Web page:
ASSOCIATION BETWEEN URINARY BISPHENOL A CONCENTRATION AND OBESITY PREVALENCE IN CHILDREN AND ADOLESCENTSLeonardo Trasande, MD, MPPTeresa Attina, MD, PhD, MPHJan Blustein, MD, PhD
Bisphenol A (BPA)Used to manufacture polycarbonate resinFound in canned food, polycarbonate bottled liquids and other consumer productsBreakdown product of coatings intended to prevent metal corrosion in food and beverage containersRecently banned from baby bottles and sippy cups by US Food and Drug AdministrationComprehensive, cross-sectional study of dust, indoor and outdoor air, and solid and liquid food in preschool age children suggested that dietary sources constitute 99% of BPA exposureSchecter et al. Environ Sci Technol. 2010;44(24):9425-9430Wilson et al. Environ Res. Jan 2007;103(1):9-20.Tavernise S. New York Times, 17 July 2012 edition.
Discovered by Aleksandr Dianin, 1891
BPA in humansStahlhut et al. Environ Health Perspect. 2009;117(5):784-789.Volkel et al.Chem Res Toxicol. 2002;15(10):1281-1287.Fernandez et al. Reprod Toxicol. Aug-Sep 2007;24(2):259-264.
BPA and obesityLaboratory studies suggest that BPA disrupts multiple metabolic mechanisms, Occurs at exposure levels commonly seen in US populationUrinary BPA concentration has been associated with:Adult obesityAdult diabetes, cardiovascular diagnoses and abnormalities in liver functionIncreased frequency of later coronary artery disease in later lifeDifferences in heart rate variability and blood pressure in elderly
Masuno et al. J Lipid Res. 2002;43(5):676-684Sakurai K et al. Br J Pharmacol. 2004;141(2):209-214Carwile JL, Michels KB. Environ Res. 2011;111(6):825-830 Lang al. JAMA. 2008;300(11):1303-1310Melzer et al. PLoS One. 2010;5(1):e8673Melzer et al. Circulation. 2012;125(12):1482-1490Bae et al. Hypertension 2012;60:786-793
BPA and childhood obesity?Children are known to be uniquely vulnerable to environmental chemicalsYet no studies to date connecting environmental chemical exposures to obesityWe examined associations of urinary BPA concentration with body mass in 6-19 year olds in NHANES 2003-8.NHANES is a federal survey of the nations health, conducted nationally through mobile testing sites.Sample was 2838 US children, representative of the US
Quantifying BPA and body massBPAUrinary concentrations from Centers for Disease Control and Prevention (CDC)s laboratoriesWe transformed the concentrations in two ways:Divided the sample into fourths based on BPA concentration (lowest to highest)Also looked at linear BPA concentration (expressed as the logarithm to normalize the distribution)Body mass Height and weight measured by CDCs trained staffWe transformed these in two waysStandardized BMI (weight in kilograms divided by height in meters squared) for age and gender into Z-scoresClassified overweight as at/above 85th percentile for age and gender (obese at/above 95th percentile)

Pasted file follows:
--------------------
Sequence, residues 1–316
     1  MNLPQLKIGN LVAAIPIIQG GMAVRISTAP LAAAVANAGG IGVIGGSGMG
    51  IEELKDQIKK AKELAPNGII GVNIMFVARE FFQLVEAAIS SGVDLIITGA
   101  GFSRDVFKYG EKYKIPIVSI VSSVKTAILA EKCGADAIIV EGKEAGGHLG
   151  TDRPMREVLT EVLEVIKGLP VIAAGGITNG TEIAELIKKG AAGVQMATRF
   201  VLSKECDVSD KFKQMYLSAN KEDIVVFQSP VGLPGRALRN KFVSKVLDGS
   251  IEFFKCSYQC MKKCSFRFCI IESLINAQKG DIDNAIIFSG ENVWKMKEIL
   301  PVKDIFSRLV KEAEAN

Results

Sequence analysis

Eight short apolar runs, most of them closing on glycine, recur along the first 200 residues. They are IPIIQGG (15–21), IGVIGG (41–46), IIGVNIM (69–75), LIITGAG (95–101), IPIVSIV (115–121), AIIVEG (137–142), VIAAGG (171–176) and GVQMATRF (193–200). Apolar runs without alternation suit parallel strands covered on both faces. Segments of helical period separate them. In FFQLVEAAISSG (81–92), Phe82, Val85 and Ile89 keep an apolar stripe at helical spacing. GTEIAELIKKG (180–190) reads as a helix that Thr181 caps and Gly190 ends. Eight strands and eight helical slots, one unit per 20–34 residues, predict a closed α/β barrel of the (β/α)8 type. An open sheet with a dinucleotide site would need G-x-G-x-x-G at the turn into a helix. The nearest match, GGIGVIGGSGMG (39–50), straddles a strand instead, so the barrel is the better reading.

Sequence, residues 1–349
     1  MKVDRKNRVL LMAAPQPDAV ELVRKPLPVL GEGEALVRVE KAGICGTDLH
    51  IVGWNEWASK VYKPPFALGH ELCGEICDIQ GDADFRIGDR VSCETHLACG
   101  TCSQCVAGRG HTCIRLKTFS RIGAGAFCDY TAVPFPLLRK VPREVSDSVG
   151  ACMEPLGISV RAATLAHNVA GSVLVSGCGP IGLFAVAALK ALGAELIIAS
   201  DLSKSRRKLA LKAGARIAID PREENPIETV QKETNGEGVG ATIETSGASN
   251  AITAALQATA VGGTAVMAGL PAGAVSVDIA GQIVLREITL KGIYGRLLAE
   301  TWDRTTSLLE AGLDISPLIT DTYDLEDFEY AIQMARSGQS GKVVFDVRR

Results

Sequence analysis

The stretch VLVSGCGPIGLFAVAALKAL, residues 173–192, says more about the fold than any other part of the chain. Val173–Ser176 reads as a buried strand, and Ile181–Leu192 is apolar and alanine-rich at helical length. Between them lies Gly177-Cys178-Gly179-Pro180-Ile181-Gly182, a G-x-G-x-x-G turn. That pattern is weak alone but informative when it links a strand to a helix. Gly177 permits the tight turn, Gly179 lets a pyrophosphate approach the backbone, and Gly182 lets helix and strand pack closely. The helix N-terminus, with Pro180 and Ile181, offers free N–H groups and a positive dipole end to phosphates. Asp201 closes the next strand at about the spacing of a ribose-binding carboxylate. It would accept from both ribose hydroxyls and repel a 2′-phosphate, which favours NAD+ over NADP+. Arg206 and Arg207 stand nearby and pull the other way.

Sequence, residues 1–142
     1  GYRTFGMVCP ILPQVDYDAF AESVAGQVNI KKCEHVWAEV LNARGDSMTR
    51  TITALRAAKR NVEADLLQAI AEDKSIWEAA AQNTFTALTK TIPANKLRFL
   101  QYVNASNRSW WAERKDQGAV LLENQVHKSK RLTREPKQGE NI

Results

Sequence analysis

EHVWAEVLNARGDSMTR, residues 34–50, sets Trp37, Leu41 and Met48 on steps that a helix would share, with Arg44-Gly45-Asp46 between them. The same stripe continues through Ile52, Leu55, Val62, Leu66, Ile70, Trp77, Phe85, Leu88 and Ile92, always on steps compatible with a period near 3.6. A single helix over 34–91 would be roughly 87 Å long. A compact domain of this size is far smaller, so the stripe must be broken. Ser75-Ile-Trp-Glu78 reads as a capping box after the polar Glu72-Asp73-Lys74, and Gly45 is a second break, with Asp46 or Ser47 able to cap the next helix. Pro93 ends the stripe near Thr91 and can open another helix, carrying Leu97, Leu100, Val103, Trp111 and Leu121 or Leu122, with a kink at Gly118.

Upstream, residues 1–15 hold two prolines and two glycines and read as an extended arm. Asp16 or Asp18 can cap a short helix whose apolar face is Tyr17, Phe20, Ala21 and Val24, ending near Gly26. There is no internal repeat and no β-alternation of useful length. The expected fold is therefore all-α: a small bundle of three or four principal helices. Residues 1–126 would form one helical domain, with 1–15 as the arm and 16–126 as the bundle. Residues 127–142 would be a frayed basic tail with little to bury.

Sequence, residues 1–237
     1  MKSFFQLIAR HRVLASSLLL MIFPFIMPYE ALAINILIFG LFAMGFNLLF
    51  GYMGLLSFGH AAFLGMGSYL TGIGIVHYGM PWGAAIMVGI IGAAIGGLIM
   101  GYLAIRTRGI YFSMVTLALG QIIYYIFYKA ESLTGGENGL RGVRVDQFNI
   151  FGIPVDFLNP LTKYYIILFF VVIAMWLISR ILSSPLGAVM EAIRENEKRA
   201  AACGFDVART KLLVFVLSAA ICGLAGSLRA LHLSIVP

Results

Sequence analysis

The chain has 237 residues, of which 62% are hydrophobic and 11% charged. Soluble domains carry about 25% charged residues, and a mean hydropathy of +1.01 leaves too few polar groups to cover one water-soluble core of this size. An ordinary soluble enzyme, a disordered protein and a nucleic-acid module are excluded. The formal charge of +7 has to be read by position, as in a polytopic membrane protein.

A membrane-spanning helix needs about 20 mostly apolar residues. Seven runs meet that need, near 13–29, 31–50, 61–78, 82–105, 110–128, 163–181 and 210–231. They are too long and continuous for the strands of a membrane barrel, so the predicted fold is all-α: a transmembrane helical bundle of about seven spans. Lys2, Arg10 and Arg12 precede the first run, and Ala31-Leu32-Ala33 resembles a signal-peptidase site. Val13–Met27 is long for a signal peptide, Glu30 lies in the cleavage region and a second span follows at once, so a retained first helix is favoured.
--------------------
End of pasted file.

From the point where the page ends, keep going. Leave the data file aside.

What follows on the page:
Other factors that were consideredSimultaneously examined other factors associated with obesityAge group (6-11 and 12-19 years)GenderRacial/ethnic groupSocioeconomic statusCaregiver educationSerum cotinine level (tobacco smoke exposure)Television watchingCaloric intakeUrinary dilution (creatinine)
Key characteristics of the sampleMedian BPA: 2.8 ng/mL
Caloric intake and television watching not associated with BPA, but BPA was associated with overweight and obesity34.1% overweight17.8% obese
- Main (multivariable) results*p
Specificity of associationWe also examined chemically similar environmental phenols used in sunscreens and soapsUrinary concentrations of these similar phenols were not associated with obesity
Race-specific effectsAssociations of BPA concentration with obesity (but not BMI Z-score) were isolated to whites, and were absent in Hispanics and Blacks.If obese whites have unique dietary behaviors that predispose them to increases in urinary BPA, then this could explain our results, though there is no evidence to support this.A difference in genetic or other predisposition is another plausible explanation.
CaveatsReverse causation is possibleObese children ingest more foods that contain BPAUrinary BPA represents more recent exposure, rather than the chronic exposure that is more likely to lead to obesityBPA may disrupt metabolism earlier in life than in the childhood and adolescent years we studied
Nonlinear associationConsistent with biological activity of many hormones Duplicated in many studiesDr. Linda Birnbaum (NIEHS Director) has emphasized that regulatory policymakers should include information about non-linear associations, when they deliberate.Vandenberg LN et al. Endocr Rev. Jun 2012;33(3):378-455.Birnbaum Environ Health Perspect. Apr 2012;120(4):A143-144.
SummaryFirst report of an association of an environmental chemical exposure with childhood obesity in a nationally representative sampleAssociation evident when exposure and outcome are modeled in a number of different waysAdjusted prevalence of obesity of 22.3% (among children in the highest uBPA quartile, compared with a 10.3% prevalence among those in the lowest uBPA quartile.
Available at www.jama.com
L Trasande and coauthorsAssociation Between Urinary Bisphenol A Concentration and Obesity Prevalence in Children and Adolescents